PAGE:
This structure allows you to dedicate 20% of your income to cover minimum payments on credit cards and other non-secured debts. The remaining 10% (or potentially more, depending on your debt payments) is yours to save or use as you see fit.

Over time, the money you save will grow due to compound interest. This growth can help you cover 20% of your budget that might otherwise go to interest payments on debts. Considering the average American loses about $4,192 annually to credit card interest alone, adopting the 10/20/70 Rule could significantly increase your savings compared to the 50/20/30 plan proposed by Warren.

The suggestion here is that politicians, including Elizabeth Warren, might prefer constituents to remain financially dependent, potentially ensuring their continued role in governance.

However, by shifting your perspective from limiting beliefs about your financial worth to recognizing your true potential value, you can transform your financial future. It’s a straightforward change in mindset that can lead to substantial benefits.

When you avoid paying interest to others, your money continues to grow, especially if you use it to finance things you’d typically need a loan for. By keeping what you’d lose to interest, which averages about $4,192 annually, and earning a modest 6% return per year, you could amass $154,205 over two decades.

However, remember that investments come with their own costs, like taxes and trading fees. These can eat into your earnings, reducing your final amount. Taxes might take around 2% or more, and fees could be another 1% to 2%, leaving you with approximately $112,640, not $154,205. This estimate also assumes tax rates remain constant over the next 20 years.

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Use Whole Life Insurance

A smarter strategy to keep more of your money away from taxes and investment fees is to invest in Participating Whole Life Insurance. For instance, a healthy 45-year-old American man could use the $4,192 he saves each year to fund such a policy. This could result in $114,000 of guaranteed cash value and a death benefit exceeding $250,000.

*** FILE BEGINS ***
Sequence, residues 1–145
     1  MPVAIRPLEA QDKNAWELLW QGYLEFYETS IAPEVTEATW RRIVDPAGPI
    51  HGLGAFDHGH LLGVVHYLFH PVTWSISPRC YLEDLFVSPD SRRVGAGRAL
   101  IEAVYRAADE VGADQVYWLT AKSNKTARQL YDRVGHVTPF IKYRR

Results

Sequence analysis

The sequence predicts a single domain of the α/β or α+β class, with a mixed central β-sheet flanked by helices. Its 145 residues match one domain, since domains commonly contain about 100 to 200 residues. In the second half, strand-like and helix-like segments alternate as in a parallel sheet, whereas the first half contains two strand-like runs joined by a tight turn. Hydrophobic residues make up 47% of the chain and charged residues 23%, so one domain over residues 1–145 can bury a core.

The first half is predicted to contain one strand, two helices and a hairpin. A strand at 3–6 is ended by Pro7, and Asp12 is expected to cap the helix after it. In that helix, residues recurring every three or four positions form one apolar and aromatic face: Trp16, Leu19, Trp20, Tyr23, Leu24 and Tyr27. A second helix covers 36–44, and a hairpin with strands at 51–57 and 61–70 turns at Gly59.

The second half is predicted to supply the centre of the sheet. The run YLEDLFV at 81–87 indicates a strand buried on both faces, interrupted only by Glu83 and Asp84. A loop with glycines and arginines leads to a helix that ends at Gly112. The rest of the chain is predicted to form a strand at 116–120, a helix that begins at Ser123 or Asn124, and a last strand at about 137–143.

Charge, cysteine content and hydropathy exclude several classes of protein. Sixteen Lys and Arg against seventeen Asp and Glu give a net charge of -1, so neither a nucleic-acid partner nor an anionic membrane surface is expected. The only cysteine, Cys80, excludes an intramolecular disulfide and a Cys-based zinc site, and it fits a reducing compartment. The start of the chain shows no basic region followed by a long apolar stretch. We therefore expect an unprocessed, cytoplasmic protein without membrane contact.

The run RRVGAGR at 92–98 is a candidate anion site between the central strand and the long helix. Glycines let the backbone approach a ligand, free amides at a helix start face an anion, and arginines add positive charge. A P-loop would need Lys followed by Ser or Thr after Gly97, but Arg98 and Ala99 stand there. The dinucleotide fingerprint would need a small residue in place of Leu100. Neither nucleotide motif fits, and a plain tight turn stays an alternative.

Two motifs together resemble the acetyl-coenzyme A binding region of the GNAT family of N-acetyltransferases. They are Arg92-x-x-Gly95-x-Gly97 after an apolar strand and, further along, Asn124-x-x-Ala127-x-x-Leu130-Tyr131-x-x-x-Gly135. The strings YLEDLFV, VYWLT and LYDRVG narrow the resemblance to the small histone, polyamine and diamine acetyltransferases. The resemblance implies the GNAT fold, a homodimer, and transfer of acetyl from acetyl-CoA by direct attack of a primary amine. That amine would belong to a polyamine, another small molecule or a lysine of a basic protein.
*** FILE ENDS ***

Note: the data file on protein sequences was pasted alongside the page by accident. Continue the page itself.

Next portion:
This approach not only sidesteps the losses from taxes and fees but also taps into a strategy known to the wealthy: using your own money to maximize returns. Moreover, life insurance offers added benefits, such as providing for your loved ones and leaving a legacy, making it a more comprehensive financial plan.

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However, this kind of thinking might not be popular with the government or fund managers because it encourages financial independence. This might explain why a plan like Elizabeth Warren’s 50/20/30 is promoted over the 10/20/70 Rule, as it keeps individuals more reliant on external financial systems.

Ready to see numbers on what it all looks like so you can be more financially independent? Call us at 702-660-7000.

Dr. Tomas McFieDr. Tomas P. McFie

Most Americans depend on Social Security for retirement income. Even when people think they’re saving money, taxes, fees, investment losses and market volatility take most of their money away. Tom McFie is the founder of McFie Insurance which helps people keep more of the money they make, so they can have financial peace of mind. His latest book, A Biblical Guide to Personal Finance, can be purchased here.